President Trump Not Stepping Back, New Tariff Thread for China

President Trump Not Stepping Back, New Tariff Thread for China

The 35-page report titled "How China's Economic Aggression Threatens the Technologies and Intellectual Property of the United States and the World" came a day after President Donald Trump threatened to slap additional tariffs on goods from China, setting off market turmoil.

China's Commerce Ministry said Beijing will fight back with "qualitative" and "quantitative" measures if the United States publishes another list of tariffs on Chinese goods, accusing Washington of launching a trade war.

"The trade relationship between the United States and China must be much more equitable", the president said in explaining his decision.

Mr Trump said he asked trade advisers to identify additional Chinese products on which to impose new tariffs.

In total, Trump has now threatened up to $450 billion U.S. in Chinese imports with tariffs, including another $200 billion United States in Chinese goods if Beijing retaliates after the step Trump announced on Monday.

China swiftly rebuked the threat and said it would take strong countermeasures to safeguard itself if new tariffs are indeed announced.

Ford Motor is already facing delays at Chinese ports, according to Reuters.

House Freedom Caucus founder Jim Jordan (R-Ohio) told Bloomberg that he thinks "most Americans are willing to give this president some latitude to get the best kind of trade deal that benefits the United States", adding, "I have concerns about tariffs in general".

Shares in Chinese telecommunication equipment maker ZTE Corp, another casualty of US-China tensions, plunged more than 20% in Hong Kong after the US Senate's passage of a defence bill set up a potential battle with Trump over whether ZTE can resume business with its US suppliers.

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The tariffs on Chinese imports are the latest in a spate of protectionist measures unveiled by Trump in recent months.

In every case, China's standard of living is reduced by USA tariffs which in turn cuts Chinese demand for a range of commodities, including Australian iron ore.

Beijing also drew up a second list of $16 billion in chemical and energy products to hit with new tariffs, though it did not announce a date for imposing them.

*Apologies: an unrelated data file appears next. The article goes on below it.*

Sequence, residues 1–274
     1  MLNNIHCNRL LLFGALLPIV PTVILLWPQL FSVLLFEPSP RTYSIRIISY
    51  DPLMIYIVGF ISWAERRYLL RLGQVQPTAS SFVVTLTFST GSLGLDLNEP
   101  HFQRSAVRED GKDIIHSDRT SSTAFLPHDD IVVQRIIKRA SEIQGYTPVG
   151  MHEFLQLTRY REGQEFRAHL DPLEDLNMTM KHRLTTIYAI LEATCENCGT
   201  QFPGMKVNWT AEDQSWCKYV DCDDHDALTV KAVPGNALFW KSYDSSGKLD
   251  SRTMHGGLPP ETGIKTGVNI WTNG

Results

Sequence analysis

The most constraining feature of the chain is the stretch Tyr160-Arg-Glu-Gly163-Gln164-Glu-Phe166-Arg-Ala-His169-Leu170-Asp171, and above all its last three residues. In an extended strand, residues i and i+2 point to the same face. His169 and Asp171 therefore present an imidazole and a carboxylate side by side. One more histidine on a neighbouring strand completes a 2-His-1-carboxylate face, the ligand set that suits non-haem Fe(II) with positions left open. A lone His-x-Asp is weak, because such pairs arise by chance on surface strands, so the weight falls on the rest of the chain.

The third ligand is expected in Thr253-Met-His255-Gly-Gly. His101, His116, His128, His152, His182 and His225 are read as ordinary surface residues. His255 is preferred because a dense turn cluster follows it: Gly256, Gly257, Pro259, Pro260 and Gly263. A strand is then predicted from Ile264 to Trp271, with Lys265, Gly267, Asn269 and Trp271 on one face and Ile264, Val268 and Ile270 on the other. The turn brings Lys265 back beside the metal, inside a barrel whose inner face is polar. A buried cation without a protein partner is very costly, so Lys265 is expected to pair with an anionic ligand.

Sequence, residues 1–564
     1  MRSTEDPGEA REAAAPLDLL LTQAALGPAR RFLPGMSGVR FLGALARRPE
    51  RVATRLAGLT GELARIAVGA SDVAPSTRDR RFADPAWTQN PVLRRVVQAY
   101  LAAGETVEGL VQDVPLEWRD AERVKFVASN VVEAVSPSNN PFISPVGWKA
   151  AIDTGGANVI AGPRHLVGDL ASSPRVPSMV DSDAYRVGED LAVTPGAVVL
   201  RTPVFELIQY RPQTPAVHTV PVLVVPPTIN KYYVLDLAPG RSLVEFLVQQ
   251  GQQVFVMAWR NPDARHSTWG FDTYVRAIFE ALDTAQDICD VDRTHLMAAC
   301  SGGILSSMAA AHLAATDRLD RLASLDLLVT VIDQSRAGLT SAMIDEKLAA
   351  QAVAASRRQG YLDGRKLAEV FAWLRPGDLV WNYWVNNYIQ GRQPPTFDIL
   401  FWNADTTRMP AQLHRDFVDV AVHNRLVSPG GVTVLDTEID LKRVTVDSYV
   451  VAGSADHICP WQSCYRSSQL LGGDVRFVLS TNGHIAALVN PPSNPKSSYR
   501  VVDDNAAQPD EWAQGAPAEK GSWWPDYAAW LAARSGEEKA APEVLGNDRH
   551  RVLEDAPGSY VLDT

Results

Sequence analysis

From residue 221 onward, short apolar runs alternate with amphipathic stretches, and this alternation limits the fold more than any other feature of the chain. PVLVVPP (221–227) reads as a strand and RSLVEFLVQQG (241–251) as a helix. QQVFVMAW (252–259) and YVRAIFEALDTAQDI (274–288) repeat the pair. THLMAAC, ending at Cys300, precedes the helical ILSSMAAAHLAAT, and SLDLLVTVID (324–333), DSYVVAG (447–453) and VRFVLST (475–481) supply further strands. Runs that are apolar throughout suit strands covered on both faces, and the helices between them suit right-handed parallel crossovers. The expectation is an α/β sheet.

"Faced with this heightened intimidation from the US, China has no choice but to fight back with targeted and direct measures aimed at persuading the US to back off, since it appears that any concessions it makes will not appease the Trump administration, which wants to suck the lifeblood from the Chinese economy", the paper said.

China is retaliating by raising import duties on 34 billion dollars (£25 billion) worth of American goods, including soybeans, electric cars and whiskey.

In a statement published shortly after Monday's announcement, China's Ministry of Commerce called the move "blackmail".

Some companies have reported Beijing is meeting with Chinese businesses to discuss shifting contracts for usa goods and services to suppliers from Europe or Japan, or to local Chinese firms, Parker said.

President TrumpDonald John Trump20 weeks out from midterms, Dems and GOP brace for surprises Sessions responds to Nazi comparisons: "They were keeping the Jews from leaving" Kim Jong Un to visit Beijing this week MORE's trade adviser Peter Navarro says that he doesn't have any knowledge about conversations between Trump and Apple CEO Tim Cook on allegedly exempting the iPhone from future USA tariffs.

"Whether that's threatening our technology leadership through intellectual property theft or forced technology transfer, we are hard at ensuring that we protect American property", he said. And Beijing says it would impose tariffs on $16 billion more if the United States does so, too.

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